Archives for posts with tag: Thatcher

I haven’t written in a while. There’s been a lot of reasons. But this article: has reignited my indignation. We all know it, because whether you’re in work or looking for work the wages the vast majority of us are being offered are worth less and less month-on-month, year-on-year. This has been going on for a decade, but the decline in the value of our wages has accelerated quite palpably since 2008 and the Great Bankster Robbery of bail-outs and forced austerity.

There are three key points that must remain in our minds, precisely because they are being glossed over and our attention diverted by the majority of mainstream media – that means awareness of them is a fundamental aspect of the Economic War waged against us. Remember soft war is one fought through control and corruption of information, aimed at transforming the fundamental cultural values and identities of a society. Two quotes from Thatcher sum this up to me : “Economics are the method; the object is to change the heart and soul” (see, and the famous “There is no alternative”. The first quote chills me to the bone when I look at the world created by the adherents to anti-human Washington Consensus policies that she fought for. The second has been such a powerful psychological weapon against ideas of better socio-economic models. It is also plainly wrong – there are always a myriad of alternatives in any choice or system, even if you wanted to keep a capitalist model it doesn’t have to be the corrupt crony-capitalist (some say bordering on fascist according to Mussolini’s definition) system we have today.

Key point 1: The Bankers caused the crash, the economic crash caused the huge deficits that have been the excuse for needless and recession-prolonging “austerity” – but Bankers and CEOs haven’t suffered AT ALL.

Key Point 2: Inequality is rising rapidly – and it is very highly skewed to the benefit of the highest-earning and wealthiest 1% (and when you break their incomes down you see the same distribution pattern, with the richest 0.1% far out-earning the other top 0.9%). We are very close to Victorian levels. If you’ve read any Dickens (I did under sufferance at school) that should scare the bejesus out of you.

Key Point 3: There is more than enough money, resources, food for all of us – Sitting in the off-shore tax-haven accounts of the wealthiest US citizens is more than 7 times the amount needed to eradicate all poverty across the globe. Mass poverty is a deliberate policy of these ultra-rich. They could end it with a one-off 15% tax and allowing restructuring of economies and the laws which regulate them.

The cumulative effect of the policies driven by the ultra-rich through funding and influence of politicians has been a rapid degrading of the value of our work, a rapid degrading of the rights we have as employees, and a rapid solidification of class divides. Social mobility is lower in the UK than most other developed countries – documented by the OECD in 2012 and this year. What does this mean for you and me? NO WAY OUT. Whatever lies the three main political parties will tell you, working hard is no guarantee of success. The system is designed to prevent it, and the ultra-rich are fighting hard to keep you down.

It’s time for the alternative.

It’s time to fight back.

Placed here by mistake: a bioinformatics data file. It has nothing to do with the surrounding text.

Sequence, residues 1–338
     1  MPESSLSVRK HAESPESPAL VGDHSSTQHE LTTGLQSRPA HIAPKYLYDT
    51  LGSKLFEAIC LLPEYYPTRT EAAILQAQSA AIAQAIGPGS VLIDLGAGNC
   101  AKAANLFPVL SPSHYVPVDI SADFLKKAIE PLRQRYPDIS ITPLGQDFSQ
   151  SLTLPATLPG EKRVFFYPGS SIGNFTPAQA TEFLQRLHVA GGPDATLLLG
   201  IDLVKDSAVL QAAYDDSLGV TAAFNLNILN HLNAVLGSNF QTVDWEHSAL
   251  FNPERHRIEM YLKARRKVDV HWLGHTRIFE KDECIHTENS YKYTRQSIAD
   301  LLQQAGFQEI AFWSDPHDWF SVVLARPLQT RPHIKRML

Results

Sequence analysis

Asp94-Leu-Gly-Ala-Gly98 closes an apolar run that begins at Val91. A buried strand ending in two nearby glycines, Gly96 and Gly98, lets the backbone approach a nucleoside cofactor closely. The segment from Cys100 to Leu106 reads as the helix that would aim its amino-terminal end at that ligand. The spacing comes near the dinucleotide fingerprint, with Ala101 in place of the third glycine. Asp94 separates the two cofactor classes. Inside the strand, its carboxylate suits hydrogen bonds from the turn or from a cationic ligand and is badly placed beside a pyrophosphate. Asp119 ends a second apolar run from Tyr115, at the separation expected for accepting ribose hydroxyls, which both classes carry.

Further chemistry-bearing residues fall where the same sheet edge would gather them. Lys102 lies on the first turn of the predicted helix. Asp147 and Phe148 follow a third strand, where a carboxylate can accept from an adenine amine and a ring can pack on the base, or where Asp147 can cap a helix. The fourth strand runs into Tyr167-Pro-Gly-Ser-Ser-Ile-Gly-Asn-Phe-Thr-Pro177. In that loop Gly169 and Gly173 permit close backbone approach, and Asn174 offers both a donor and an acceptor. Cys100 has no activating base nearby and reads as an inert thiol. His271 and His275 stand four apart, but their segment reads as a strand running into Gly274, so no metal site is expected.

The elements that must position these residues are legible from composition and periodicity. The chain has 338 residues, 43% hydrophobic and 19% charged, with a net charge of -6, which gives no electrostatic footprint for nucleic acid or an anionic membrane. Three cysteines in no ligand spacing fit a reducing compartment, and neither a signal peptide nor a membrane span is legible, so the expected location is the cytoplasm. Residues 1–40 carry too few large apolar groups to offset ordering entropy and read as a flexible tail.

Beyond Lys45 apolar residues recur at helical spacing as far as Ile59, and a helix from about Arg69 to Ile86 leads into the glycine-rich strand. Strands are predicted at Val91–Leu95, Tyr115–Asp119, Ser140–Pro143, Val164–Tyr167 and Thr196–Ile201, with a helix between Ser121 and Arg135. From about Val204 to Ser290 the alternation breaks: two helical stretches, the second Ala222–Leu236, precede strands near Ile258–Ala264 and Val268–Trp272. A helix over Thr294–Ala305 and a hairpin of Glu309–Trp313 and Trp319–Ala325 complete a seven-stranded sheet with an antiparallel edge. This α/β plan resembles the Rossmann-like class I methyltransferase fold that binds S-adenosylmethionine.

I think there’s enough pro- and anti-Thatcher comment in the digital world already. But there’s another angle to her story and I haven’t heard anyone even alluding to it. So I will.

I was a primary school kid in her final years in office, the son of a teacher and a nurse, living in council housing. My views on her immediate and long-term effect on our country are pretty typical of someone born into this kind of demographic strata. Its an anger/sadness cocktail that has been both shaken and stirred in recent years. In all honesty I have far worse feelings for Blair. He betrayed me personally, several times, both ideologically and practically. Thatcher was (to me at the time) a spitting image caricature and the bullying schoolteacher of our country.

What I want to touch on are the unspoken and unreported forces that direct the policies and decisions of our governments. I can see 2 basic types of pressure that move our representatives: Ones from within the nation they represent, and ones from outside. We know quite a lot about the internal pressures acting on our MPs. We know about media coverage, about public opinion, we know about campaigns, protests, petitions, and we know a little about lobbying, party funding, and “think tanks”. We need to know a lot more about the last three. Some of them are international, some of them domestic.

What about the pressures that come from outside our representatives’ country? There’s a LOT of these, and we seem to have very little decent information about them. We get some misinformation, particularly in the tabloid press and the manifestos of protest political parties like UKIP and BNP, but that never seems to get anywhere near the heart of it. In the UK we hear a huge amount about the oppressive EU and the unelected bureaucrats that are working tirelessly to destroy our industry, our currency, our morals while stealing all our money and jobs. Which has always struck me as an odd position to hold – we had a referendum about joining the EU in 1975, and we elect all our euro MPs. What we don’t hear about are the pressures that are placed on our governments from international (supranational I guess) institutions. I think these are far more important than domestic pressures, precisely because they are hidden from us. Of course they are – that’s how a soft war is fought.